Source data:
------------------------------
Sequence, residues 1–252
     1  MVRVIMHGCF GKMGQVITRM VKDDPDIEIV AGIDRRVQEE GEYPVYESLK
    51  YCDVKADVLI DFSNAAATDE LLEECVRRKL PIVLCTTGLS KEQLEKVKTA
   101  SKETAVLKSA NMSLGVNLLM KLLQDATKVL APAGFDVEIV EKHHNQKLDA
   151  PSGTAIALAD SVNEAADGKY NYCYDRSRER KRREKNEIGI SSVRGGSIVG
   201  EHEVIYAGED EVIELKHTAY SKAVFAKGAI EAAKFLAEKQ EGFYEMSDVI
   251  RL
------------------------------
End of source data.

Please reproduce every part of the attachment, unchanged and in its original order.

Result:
Sequence, residues 1–252
     1  MVRVIMHGCF GKMGQVITRM VKDDPDIEIV AGIDRRVQEE GEYPVYESLK
    51  YCDVKADVLI DFSNAAATDE LLEECVRRKL PIVLCTTGLS KEQLEKVKTA
   101  SKETAVLKSA NMSLGVNLLM KLLQDATKVL APAGFDVEIV EKHHNQKLDA
   151  PSGTAIALAD SVNEAADGKY NYCYDRSRER KRREKNEIGI SSVRGGSIVG
   201  EHEVIYAGED EVIELKHTAY SKAVFAKGAI EAAKFLAEKQ EGFYEMSDVI
   251  RL